Ahmad Jamal, the jazz pianist who inspired Miles Davis dies aged 92
Jamal’s daughter, Sumayah Jamal, has confirmed the cause of death was prostate cancer.
Heralded by many as one of the greatest jazz pianists of his generation, Jamal was known for his understated and measured approach to the instrument. His seven-decade long career earned him a lifetime achievement Grammy and an induction into France’s Order of Arts and Letters among other accolades.
Jamal’s career began during the age of bebop - a complex and dynamic style of jazz developed in the early-mid 1940s. However, the form would not define his approach, as Ahmad’s style transcended the sub-genre and rapidly evolved into something entirely fresh.
His approach to jazz - which he preferred to call “American classical music” - was laid back, accessible and paved the way for future greats. Life long friend Miles Davis, once said: "All my inspiration comes from Ahmad Jamal."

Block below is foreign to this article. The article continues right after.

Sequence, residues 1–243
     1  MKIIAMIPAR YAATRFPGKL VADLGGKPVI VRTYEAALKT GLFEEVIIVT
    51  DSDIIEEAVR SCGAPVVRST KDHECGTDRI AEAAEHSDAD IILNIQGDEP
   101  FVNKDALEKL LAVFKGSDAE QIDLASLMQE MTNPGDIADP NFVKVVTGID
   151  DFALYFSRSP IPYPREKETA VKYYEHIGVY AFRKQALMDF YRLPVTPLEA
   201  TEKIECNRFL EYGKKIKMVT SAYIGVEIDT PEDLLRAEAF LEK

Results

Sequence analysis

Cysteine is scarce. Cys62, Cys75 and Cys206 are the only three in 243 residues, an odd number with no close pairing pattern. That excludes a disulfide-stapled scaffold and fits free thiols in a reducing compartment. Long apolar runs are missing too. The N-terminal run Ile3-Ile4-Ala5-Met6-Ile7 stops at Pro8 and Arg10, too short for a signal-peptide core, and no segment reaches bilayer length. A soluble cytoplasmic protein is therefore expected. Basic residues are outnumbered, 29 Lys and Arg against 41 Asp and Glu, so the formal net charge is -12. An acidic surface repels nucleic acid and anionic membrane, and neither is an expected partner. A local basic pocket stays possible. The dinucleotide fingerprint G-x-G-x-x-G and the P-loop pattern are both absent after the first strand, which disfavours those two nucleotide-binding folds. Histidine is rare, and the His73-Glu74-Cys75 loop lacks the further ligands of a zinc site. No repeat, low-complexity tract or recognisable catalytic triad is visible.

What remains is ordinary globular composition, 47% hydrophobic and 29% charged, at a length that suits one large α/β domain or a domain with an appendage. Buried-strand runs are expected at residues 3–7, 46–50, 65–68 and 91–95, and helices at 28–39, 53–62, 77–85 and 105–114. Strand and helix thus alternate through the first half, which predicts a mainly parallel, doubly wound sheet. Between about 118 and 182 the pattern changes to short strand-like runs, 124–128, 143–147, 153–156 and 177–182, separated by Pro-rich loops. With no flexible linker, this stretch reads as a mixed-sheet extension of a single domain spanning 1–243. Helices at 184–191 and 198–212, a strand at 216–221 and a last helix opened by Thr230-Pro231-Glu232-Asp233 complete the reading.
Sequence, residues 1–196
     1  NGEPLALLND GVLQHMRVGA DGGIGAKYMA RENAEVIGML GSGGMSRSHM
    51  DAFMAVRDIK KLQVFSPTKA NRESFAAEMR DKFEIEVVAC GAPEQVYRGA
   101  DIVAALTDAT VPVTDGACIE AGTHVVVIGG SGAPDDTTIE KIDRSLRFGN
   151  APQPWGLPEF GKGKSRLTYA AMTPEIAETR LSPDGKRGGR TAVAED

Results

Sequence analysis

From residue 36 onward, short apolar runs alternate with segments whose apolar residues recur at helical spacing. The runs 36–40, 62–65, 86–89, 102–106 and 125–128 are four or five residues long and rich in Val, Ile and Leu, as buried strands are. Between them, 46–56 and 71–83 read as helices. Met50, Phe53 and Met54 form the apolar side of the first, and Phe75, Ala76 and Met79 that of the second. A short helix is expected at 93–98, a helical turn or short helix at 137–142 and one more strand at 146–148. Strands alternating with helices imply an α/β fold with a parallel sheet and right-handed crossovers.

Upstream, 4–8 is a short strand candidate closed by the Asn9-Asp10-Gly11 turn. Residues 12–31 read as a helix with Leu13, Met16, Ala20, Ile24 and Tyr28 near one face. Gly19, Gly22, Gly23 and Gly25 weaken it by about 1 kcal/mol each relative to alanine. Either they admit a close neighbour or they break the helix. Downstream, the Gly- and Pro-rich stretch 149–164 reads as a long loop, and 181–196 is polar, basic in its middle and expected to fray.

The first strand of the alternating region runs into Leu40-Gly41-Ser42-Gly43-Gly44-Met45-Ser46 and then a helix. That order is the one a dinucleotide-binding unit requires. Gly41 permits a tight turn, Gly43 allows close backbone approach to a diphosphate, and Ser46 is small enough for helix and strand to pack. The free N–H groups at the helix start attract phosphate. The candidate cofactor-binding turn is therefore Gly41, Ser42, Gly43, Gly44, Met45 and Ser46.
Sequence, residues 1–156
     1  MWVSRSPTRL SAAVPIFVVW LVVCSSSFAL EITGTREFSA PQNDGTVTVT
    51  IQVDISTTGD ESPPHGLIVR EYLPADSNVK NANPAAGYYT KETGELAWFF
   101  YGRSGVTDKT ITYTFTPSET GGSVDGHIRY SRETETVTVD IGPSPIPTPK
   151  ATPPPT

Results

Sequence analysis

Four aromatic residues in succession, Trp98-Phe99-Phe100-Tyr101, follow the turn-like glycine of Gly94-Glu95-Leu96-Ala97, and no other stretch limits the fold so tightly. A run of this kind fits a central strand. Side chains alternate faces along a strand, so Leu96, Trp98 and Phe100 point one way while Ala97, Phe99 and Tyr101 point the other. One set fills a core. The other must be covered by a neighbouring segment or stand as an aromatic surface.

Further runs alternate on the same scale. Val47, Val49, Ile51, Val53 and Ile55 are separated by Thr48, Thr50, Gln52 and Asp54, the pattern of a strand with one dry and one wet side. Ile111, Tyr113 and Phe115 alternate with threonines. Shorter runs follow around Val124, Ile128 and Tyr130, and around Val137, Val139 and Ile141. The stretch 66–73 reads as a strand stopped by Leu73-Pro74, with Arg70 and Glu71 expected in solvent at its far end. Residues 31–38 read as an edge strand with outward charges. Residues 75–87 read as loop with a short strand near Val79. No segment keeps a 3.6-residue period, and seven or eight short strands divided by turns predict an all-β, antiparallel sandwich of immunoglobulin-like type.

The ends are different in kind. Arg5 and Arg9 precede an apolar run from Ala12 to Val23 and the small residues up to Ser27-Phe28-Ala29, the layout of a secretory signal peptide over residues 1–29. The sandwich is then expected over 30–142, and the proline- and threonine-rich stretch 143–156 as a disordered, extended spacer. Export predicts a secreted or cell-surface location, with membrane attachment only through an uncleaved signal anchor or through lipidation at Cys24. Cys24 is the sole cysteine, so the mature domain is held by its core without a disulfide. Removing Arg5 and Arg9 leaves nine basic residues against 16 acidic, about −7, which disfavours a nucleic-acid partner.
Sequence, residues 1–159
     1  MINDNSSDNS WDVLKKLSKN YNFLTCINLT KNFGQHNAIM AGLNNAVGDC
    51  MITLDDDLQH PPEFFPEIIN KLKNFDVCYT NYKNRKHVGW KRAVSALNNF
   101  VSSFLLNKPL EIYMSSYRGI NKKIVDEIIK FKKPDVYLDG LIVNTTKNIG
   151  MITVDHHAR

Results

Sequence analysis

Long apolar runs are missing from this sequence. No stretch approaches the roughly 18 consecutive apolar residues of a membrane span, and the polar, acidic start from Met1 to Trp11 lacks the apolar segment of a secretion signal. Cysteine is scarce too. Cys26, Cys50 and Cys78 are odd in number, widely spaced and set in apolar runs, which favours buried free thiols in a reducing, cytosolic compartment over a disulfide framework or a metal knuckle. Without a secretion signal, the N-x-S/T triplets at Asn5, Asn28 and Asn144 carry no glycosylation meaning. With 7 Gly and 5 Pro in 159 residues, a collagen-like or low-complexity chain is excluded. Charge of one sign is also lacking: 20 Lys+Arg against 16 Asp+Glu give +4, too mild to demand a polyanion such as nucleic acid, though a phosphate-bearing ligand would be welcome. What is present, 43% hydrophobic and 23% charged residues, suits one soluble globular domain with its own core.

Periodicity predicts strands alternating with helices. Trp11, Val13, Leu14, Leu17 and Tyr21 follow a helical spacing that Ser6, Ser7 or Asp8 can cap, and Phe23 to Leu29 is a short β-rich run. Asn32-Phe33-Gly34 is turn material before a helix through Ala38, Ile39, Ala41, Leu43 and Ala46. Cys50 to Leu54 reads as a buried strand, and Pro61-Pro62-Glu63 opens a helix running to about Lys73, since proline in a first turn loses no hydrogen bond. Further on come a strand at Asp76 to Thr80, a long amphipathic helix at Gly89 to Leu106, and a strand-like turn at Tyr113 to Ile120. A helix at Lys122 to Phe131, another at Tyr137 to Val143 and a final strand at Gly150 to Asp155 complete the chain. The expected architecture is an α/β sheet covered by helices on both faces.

Writing in his autobiography, Davis said: "[Jamal] knocked me out with his concept of space, his lightness of touch, his understatement, and the way he phrased notes and chords and passages".
In recent years, when sample based music became the norm, hip-hop heavyweights such as Nas and De La Soul repurposed Jamal’s hypnotic piano riffs and highlighted the immortality of his work.
Eight-time Grammy winner and jazz bassist Christian McBride paid tribute to Jamal, writing: “Ahmad Jamal was someone who always left me completely starstruck. I’ve stood in a room with him numerous times and never had the guts to say hello.
“His vibe was just too regal. Thank you, Mr. Jamal for all the music you gave us. RIP.”
Canadian jazz-fusion outfit BadBadNotGood took to Twitter to share their thoughts on Jamal’s passing. They wrote: “Rest in paradise to Ahmad Jamal, Incredible incredible incredible language and sound.”